Not long after the failure of "The Spirits Within," Hironobu Sakaguchi officially left his role at Square. It’s easy to point to the movie’s poor performance as the reason Sakaguchi left the company, but he says that the decision had much more to do with his desire to focus more on creating games than on the administrative tasks he needed to handle as Square’s executive vice president. "I really loved Square, you know, and I was grateful for my position, but it just didn’t feel like me," he told Polygon. Around that same time, Square delayed the release of "Final Fantasy 10," which was a first for the company.
Between the movie’s failure and the next game’s delay, Square found itself taking a financial loss for the first time in the company’s history. In the midst of those hard times, Square shocked its fans and the gaming world by announcing a merger with its longtime competitor Enix in November 2002 (via IGN). Enix was the RPG powerhouse behind the "Dragon Quest" franchise, which predated "Final Fantasy." At a press conference, Wada Yuchi, president of Square and the new company Square Enix, said, ""The merger decision was made in order to further please game players, and in order to survive."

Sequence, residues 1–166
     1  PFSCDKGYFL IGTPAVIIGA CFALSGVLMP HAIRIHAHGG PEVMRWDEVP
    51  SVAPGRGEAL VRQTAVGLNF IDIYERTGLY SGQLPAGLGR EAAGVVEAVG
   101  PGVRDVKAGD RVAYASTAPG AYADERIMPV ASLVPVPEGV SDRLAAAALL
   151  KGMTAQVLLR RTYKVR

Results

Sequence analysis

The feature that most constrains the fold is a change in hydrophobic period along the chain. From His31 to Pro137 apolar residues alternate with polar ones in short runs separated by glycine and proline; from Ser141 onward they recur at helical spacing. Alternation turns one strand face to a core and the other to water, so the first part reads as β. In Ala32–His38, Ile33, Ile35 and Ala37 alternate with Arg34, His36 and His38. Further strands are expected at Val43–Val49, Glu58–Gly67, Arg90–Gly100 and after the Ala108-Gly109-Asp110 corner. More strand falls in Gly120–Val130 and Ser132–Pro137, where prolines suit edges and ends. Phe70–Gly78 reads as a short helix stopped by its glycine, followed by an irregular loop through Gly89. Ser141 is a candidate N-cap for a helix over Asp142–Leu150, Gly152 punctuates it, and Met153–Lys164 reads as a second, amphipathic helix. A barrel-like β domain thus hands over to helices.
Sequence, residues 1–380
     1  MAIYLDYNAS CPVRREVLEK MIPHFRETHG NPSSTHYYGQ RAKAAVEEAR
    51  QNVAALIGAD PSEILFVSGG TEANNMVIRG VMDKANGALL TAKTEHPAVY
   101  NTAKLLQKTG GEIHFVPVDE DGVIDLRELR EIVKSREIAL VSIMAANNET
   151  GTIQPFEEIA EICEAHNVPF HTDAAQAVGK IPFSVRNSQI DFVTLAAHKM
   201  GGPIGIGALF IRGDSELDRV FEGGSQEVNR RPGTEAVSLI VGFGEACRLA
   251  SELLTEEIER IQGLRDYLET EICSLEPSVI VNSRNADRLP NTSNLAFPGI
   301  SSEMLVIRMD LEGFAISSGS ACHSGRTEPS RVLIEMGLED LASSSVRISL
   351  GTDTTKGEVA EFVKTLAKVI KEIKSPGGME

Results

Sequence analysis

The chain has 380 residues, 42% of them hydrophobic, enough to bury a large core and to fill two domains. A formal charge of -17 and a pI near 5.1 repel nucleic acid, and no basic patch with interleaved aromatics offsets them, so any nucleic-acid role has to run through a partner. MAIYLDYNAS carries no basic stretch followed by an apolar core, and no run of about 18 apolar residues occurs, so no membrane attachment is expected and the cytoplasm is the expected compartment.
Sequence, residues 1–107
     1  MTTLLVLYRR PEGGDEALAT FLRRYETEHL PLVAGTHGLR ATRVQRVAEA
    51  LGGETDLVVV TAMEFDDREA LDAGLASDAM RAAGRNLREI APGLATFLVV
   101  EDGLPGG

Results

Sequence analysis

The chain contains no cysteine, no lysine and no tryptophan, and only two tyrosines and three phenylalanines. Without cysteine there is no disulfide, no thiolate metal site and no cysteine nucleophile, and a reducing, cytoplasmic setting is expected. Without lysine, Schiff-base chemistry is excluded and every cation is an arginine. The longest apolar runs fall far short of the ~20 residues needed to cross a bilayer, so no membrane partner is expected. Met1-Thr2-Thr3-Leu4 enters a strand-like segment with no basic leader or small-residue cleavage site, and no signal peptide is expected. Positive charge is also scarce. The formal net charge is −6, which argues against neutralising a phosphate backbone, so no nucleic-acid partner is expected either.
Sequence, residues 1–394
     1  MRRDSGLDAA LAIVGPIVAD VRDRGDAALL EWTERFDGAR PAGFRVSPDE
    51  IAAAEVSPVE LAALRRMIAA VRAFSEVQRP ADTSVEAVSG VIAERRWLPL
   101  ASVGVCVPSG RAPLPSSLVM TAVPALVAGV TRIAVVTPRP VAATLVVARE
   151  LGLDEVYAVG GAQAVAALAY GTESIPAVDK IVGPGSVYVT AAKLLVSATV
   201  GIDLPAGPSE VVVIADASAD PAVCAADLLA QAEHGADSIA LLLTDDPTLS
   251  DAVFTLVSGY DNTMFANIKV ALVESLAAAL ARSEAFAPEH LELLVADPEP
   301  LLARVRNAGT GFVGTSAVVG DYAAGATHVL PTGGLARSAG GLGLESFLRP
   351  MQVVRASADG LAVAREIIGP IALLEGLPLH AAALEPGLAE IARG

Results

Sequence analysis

Once again, a new era for "Final Fantasy" and its publishers began.
A new era
Despite the aforementioned and unprecedented delay to "FF10," between 1999 and 2003 there was a new "Final Fantasy" game released once a year. "I truly am surprised that we finished developing a game in one year with a team of less than 100 people," said "Final Fantasy" producer Yoshinori Kitase in an interview with Game Informer. "FF10" was the first game in the series to come to PlayStation 2, as well as the first voice-acted installment in the franchise.